Is a Class A or Class C easier to drive? You’d think the answer would obviously go with the smaller Class C but it’s not that simple…
If you’re trying to decide between a Class A and Class C then that means you’ve at least narrowed down your list by excluding Class Bs, also known as campervans.
The biggest appeal of a Class A or Class C over a Class B is the room provided by its larger size, but that can be intimidating when it comes to driving. You might be surprised to learn that Class As are easier and smoother to drive than you’d expect.
In truth, you can get used to (and good at) driving any length vehicle. It’s just a matter of confidence and practice.
The biggest consensus is just that: either is easy with enough practice. But what about when you are first behind the wheel? Which has the smallest learning adjustment? Which is the least scary to drive?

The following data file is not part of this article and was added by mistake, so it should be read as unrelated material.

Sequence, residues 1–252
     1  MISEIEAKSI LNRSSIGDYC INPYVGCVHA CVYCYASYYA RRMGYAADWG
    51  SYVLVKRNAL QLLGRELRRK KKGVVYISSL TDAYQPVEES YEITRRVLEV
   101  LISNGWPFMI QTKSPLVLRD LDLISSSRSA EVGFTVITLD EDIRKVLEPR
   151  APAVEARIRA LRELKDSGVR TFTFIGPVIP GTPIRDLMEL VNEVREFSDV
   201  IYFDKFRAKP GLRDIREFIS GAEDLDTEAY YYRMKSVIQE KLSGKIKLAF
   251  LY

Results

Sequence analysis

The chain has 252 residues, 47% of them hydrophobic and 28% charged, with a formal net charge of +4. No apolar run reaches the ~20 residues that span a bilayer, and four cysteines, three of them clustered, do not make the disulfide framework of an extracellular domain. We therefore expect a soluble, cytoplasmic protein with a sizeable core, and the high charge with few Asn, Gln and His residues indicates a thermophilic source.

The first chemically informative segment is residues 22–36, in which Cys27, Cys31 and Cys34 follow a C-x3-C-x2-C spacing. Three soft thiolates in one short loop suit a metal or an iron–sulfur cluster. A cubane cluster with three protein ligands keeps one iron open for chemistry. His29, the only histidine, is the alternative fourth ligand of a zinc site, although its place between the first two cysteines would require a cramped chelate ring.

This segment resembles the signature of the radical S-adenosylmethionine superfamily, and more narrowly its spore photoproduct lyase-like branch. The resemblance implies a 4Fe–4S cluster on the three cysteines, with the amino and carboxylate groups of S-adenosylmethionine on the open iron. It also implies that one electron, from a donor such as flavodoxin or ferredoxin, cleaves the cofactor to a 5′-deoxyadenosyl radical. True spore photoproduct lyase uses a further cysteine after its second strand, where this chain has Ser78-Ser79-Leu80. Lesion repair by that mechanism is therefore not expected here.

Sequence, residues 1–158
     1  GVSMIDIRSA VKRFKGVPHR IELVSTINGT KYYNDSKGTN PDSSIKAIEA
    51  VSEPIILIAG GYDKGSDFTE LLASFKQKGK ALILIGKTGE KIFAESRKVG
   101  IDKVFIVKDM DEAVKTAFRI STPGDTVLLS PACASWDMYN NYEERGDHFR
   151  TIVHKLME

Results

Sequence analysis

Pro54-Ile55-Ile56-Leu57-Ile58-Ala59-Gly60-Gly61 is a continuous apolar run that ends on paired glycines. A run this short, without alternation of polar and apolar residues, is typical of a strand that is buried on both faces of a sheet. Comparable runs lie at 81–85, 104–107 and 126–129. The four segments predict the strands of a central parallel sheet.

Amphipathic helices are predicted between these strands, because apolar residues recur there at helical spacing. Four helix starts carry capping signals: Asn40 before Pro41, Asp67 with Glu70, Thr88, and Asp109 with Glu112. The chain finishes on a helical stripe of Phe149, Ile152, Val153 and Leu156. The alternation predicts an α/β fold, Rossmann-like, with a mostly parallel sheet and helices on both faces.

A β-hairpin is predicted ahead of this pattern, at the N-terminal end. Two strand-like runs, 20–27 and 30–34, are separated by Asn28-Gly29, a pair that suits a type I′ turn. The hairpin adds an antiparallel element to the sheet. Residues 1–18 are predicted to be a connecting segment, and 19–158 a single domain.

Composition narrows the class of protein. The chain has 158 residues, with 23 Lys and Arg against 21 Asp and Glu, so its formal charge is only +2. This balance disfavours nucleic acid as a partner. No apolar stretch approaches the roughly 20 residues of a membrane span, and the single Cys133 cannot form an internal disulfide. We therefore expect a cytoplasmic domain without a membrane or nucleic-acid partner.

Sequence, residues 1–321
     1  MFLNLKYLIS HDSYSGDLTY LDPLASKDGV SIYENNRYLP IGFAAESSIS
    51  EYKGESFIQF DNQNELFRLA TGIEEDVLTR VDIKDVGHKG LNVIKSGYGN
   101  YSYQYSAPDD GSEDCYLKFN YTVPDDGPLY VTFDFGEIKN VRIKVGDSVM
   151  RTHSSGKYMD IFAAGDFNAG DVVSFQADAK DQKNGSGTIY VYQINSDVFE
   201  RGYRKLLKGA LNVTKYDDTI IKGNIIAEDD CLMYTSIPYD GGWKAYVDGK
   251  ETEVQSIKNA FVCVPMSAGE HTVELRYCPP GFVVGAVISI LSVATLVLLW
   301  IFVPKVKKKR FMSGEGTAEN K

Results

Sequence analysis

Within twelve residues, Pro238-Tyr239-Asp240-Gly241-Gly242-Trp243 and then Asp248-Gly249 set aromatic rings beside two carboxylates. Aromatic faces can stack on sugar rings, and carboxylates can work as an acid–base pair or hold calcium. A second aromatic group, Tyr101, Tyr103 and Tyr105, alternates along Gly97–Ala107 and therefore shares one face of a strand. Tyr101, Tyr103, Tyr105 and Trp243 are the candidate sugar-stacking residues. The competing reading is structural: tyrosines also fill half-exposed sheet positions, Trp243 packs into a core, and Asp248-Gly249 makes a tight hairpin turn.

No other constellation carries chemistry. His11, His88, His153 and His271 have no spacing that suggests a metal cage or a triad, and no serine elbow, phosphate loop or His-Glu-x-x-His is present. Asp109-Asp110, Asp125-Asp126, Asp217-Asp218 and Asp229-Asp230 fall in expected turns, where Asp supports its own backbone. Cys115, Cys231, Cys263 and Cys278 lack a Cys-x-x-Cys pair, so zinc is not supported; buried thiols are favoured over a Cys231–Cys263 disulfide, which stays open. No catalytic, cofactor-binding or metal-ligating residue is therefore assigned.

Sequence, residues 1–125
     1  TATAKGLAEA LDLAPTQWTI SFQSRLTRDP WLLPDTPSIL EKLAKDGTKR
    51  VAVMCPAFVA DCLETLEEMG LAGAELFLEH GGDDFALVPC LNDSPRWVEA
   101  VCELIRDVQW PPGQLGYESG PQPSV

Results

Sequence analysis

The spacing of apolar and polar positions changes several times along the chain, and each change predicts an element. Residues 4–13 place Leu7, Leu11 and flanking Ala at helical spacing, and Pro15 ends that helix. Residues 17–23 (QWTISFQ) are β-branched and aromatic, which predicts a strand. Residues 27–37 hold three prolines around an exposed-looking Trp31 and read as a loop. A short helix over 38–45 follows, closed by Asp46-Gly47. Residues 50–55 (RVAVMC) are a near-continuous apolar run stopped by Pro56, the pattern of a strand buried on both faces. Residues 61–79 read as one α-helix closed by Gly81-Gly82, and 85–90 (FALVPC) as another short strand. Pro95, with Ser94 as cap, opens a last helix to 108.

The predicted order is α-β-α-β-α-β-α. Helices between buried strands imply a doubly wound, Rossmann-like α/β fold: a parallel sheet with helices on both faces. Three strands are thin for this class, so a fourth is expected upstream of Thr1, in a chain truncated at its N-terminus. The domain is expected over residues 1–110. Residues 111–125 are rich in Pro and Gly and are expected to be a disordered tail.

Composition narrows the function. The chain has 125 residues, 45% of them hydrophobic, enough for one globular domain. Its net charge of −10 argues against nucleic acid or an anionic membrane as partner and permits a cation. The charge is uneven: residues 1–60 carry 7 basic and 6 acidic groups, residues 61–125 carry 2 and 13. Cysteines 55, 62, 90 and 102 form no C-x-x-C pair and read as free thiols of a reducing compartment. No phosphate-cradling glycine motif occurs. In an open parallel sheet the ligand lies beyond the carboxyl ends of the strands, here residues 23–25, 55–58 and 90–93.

What’s the Difference Between Driving Class A vs. Class C?
The trickiest part about answering this question is that some big Class Cs are actually the same length as small Class As. So, you can’t just go by the Class. You need to factor in the overall length as well and understand, in general, longer vehicles take more adjusting to.
That’s not really surprising. However, what’s more important to look at is not the overall length, but rather the length of the wheelbase.
Class As have a longer wheelbase, which means there is less overhang extending past the back set of wheels. This centers the forces between the front and rear wheels, resulting in a smoother ride. The overhang on a Class C can cause a bit of teeter-tottering or porpoising over bumps and potholes.
A longer wheelbase in Class A can also mean less weaving in your lane. How so? The overhang can act as a sort of sail whenever a semi-truck passes, pushing a Class C more easily since the forces aren’t centered. You then have to countersteer, then steer back again once the gusts pass.
This is known as “wandering” and it’s more common in Class Cs than As because of their shorter wheelbase and longer overhang. If you want a Class C but want to minimize wandering, look at Class Cs with shorter overhangs.